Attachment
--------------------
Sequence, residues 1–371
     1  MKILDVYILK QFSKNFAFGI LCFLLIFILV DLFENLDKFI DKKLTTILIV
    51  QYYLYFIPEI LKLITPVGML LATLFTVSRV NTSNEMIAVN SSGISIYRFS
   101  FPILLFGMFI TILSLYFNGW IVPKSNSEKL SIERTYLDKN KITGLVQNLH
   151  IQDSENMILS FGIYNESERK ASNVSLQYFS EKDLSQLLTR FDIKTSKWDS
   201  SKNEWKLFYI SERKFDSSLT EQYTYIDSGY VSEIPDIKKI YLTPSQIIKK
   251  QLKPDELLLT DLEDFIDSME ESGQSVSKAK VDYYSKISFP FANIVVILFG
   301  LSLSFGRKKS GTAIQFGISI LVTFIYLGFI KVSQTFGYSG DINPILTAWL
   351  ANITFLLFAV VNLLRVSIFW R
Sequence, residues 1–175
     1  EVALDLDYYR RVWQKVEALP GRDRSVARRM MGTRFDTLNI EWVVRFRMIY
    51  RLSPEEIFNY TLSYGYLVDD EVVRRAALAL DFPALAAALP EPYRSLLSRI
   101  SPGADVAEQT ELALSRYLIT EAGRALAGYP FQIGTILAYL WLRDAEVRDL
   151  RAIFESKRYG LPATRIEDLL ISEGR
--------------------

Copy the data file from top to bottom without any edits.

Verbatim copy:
Sequence, residues 1–371
     1  MKILDVYILK QFSKNFAFGI LCFLLIFILV DLFENLDKFI DKKLTTILIV
    51  QYYLYFIPEI LKLITPVGML LATLFTVSRV NTSNEMIAVN SSGISIYRFS
   101  FPILLFGMFI TILSLYFNGW IVPKSNSEKL SIERTYLDKN KITGLVQNLH
   151  IQDSENMILS FGIYNESERK ASNVSLQYFS EKDLSQLLTR FDIKTSKWDS
   201  SKNEWKLFYI SERKFDSSLT EQYTYIDSGY VSEIPDIKKI YLTPSQIIKK
   251  QLKPDELLLT DLEDFIDSME ESGQSVSKAK VDYYSKISFP FANIVVILFG
   301  LSLSFGRKKS GTAIQFGISI LVTFIYLGFI KVSQTFGYSG DINPILTAWL
   351  ANITFLLFAV VNLLRVSIFW R
Sequence, residues 1–175
     1  EVALDLDYYR RVWQKVEALP GRDRSVARRM MGTRFDTLNI EWVVRFRMIY
    51  RLSPEEIFNY TLSYGYLVDD EVVRRAALAL DFPALAAALP EPYRSLLSRI
   101  SPGADVAEQT ELALSRYLIT EAGRALAGYP FQIGTILAYL WLRDAEVRDL
   151  RAIFESKRYG LPATRIEDLL ISEGR